The reds, blues, greens, yellows, pinks, and whites had no design just shapes, it was if someone dripped color down a piece of cloth and cut a three inch cross section then wrapped it around my hat to form a hat band. The hat was my mother’s idea for keeping the Texas sun off my head and neck. My mother doesn’t know about sun screen and I’m sure she doesn’t care to know about it, just as well. Her job as she sees it is to make me look like that kid all the other kids gave wedges too as he walks from gym class. She feels protecting me from any number of ills related to the Texas sun is way more important than me looking like a dork.
I was jolted out of my examination of the brightly colored Panamá hat by someone saying ready?
I’d brought my labs and my hat to a Heart of Texas Retriever Club AKC hunt test. I’m a member of the HOTRC so I showed up ready to work my fingers to the bone and do my part to make sure the hunt test went off without a hitch. The night before the test a good friend phoned and asked me to bring a shotgun to the test. I figured they were going to shoot poppers and wanted a gun. Poppers are shotgun shells that only have primers in them, so they make a small bang and nothing else. Just loud enough for the dogs to know something went bang.
At the check in station I was asked to help check people in and make sure each and every one signed a liability waver. I assured the hunt chairman I was up to the task and I wouldn’t let her down.
I wondered if they wanted my shotgun to make sure no one got past me that hadn’t signed the waver. However no one tried to sneak into the event without their signature so I didn’t have to resort to drastic measures. One guy did drive through and didn’t stop but I didn’t tell anyone since we didn’t charge to get in, no harm no fowl.
At the check in station time past at about the same speed as ice cream melting. Along about 8:30 I decided to go and watch some dogs run the test. I wanted to see a friend run Jimbo, a dog I’d hunted over. I weaved my way back to where the senior dogs were applying their trade just in time to see a young pup brake for parts unknown. As far as I could tell he still may be running north. The immigration standard in Texas, where’s ICE when you need them.
The next dog to run the gauntlet was a beautiful chocolate owned and handled by Doug Doehring, a dog after my own heart. He strolled to the line with pride and confidence. I wanted to see this pup run all his passes. When Doug sent him he was off, first came the water then tall weeds no obstacle was too great for this young chocolate. He picked up each mark like the champion he someday will become.
I watched while several more dogs were sent through their paces, each one a champion in their owner’s eyes, all found the ducks and with seemingly little effort brought them back to their handlers.
Not wanting to spend a lot of time in any one place in fear they might put me to work, I moved to where the junior hunt test were being conducted. I arrived just in time to see a beautiful chocolate lab run her first pass of the day but I’d seen great looking labs run all day, what made this one special was Louis Oviedo II. Louis was the perfect match for this lab. If he’d so much as felt a command Siena would obey. What a wonderful performance out of a boy of only thirteen years old.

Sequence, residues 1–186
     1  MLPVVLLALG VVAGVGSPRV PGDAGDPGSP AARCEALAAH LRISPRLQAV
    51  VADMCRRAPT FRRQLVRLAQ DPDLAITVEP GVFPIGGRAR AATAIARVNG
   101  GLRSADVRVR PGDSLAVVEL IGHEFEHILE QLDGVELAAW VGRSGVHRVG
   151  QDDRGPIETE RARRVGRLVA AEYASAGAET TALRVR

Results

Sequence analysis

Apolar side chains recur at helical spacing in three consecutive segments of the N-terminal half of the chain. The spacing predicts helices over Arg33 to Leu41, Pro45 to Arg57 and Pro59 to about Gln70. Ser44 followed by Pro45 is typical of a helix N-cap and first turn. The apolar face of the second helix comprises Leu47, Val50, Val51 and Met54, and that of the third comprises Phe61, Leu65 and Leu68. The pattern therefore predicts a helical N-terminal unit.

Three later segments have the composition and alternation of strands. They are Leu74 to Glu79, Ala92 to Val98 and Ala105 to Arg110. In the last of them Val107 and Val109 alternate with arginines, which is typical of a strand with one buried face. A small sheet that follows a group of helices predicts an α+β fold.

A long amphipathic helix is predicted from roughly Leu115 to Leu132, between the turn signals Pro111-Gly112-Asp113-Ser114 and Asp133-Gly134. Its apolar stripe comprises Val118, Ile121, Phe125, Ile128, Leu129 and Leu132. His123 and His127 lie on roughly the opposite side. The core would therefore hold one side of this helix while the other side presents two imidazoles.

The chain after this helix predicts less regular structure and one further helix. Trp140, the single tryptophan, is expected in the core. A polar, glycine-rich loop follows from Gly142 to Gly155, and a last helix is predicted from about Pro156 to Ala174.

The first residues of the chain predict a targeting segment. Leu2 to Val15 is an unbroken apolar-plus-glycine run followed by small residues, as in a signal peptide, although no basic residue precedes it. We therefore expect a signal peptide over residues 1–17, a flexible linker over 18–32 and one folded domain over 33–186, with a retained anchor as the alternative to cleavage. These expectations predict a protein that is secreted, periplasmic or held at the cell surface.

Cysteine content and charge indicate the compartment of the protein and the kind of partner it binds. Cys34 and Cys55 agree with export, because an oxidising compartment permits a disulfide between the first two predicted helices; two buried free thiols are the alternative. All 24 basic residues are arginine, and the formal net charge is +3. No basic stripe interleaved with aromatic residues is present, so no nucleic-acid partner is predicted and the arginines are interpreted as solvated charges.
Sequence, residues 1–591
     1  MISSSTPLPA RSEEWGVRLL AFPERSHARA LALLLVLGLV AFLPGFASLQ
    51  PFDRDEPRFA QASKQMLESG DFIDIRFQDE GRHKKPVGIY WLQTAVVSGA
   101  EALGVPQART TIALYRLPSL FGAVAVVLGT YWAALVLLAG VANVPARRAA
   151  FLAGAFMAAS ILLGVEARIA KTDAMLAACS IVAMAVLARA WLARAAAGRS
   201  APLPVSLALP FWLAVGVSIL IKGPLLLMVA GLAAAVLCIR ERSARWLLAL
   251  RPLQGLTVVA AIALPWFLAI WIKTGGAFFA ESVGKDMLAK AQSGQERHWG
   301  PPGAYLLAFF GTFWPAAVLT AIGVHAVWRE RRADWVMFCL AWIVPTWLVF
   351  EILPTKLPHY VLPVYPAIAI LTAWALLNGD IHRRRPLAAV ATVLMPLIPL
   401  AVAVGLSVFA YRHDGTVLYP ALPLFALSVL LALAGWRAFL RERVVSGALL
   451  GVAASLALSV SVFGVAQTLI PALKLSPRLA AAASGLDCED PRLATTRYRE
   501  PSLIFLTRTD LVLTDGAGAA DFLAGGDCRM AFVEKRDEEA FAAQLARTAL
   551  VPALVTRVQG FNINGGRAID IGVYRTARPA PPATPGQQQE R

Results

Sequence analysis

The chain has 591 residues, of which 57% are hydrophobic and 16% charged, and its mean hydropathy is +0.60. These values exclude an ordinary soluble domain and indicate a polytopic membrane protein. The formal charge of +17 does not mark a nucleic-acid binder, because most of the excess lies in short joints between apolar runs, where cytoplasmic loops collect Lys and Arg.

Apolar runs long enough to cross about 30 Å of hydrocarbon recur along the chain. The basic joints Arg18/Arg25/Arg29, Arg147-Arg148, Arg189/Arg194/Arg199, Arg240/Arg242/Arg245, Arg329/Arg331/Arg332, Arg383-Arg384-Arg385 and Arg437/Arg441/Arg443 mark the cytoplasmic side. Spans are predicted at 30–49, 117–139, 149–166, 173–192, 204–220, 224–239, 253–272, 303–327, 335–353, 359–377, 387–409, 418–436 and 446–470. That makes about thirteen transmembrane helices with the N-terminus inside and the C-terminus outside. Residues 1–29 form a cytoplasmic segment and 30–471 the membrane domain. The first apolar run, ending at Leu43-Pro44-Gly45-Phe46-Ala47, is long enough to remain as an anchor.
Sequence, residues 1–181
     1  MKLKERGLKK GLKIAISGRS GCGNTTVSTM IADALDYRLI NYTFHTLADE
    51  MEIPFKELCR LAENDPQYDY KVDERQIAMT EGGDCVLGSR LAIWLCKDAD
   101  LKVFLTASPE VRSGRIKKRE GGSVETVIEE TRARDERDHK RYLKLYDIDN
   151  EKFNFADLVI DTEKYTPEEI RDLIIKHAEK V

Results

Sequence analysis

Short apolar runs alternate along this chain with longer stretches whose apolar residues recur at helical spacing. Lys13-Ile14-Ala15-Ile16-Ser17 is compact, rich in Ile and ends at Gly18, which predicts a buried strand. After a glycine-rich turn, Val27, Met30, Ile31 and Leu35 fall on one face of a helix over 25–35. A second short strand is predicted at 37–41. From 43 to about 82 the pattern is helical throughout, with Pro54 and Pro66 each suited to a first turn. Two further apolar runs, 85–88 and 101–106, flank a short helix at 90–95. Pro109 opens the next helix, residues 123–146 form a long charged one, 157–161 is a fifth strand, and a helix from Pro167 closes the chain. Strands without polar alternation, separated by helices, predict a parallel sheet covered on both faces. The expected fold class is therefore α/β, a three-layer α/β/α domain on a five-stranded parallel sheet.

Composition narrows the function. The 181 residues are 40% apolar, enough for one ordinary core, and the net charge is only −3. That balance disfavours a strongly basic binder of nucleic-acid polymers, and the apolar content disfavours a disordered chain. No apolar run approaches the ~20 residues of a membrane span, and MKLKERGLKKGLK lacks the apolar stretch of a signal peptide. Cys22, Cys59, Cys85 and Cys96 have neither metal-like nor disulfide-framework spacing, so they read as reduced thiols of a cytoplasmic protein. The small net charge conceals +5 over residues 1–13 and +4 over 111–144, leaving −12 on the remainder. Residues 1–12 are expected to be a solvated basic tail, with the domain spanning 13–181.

This amazing feat of dog control was followed by yet another stellar presentation by Duncan’s Jet owned by Michael Rizzo who is in Korea serving our country. Jet was ran my Michael’s wife Mary who made a promise to him to work and run his dog while he was gone. I was thoroughly enjoying watching these magnificent animals and not paying attention to who showed up looking for me.
My heart sank as I felt a finger on my shoulder. I hoped my sheepish grin would endure me to the hunt chairman but alas she stood there with a “we need to talk” look on her face.
“What can I do for you” I asked. Hoping she only wanted me to get out of her way.
“Did you bring a shotgun?”
“I sure did, who do you want me to shoot?”
With a look of “what’s wrong with you” on her face she went on to explain.
“As you know or at least should know the AKC requires that live ducks be used in their hunt test. We would like for you to go to the senior test and shoot the ducks.”
“Shoot them with what?” I asked.
“With your shotgun.” She replied.
“Let me get this right, you want me to shoot ducks?” I said.
My mind, as if often does, started signing the Hallelujah Chorus without any prompting. I was thinking of some witty retort to her request but settled for the lamest response I’ve giving in quite a while.
“I’m your man, just let me get my gun.”
I turn on my heels and tried my level best not to run to my truck for my shotgun. I got to the test just in time to see another member carrying a shotgun, my heart started to sing “Hallelujah” as I caught up with him.
We walked together to a curtain, camo in color, just about 80 yards from where the judges sat talking with a handler and his dog. When we got behind the curtain I took my Browning Citori from its case opened the breach and looked down the barrels, why I don’t have a clue. You see it all the time men in kaki from head to toe opening their double rifles and looking down the barrels. Then right on cue from somewhere in back ground a native could be heard saying.
“Gun empty Bawana.”
I noticed the other duck shooter was smiling I would almost bet his mind was singing the “Hallelujah Chorus” as well.
Someone from behind us said.
“Load up, the test is about to start.”
I dropped two shells in the breach of my Browning double barrel as my mind started up.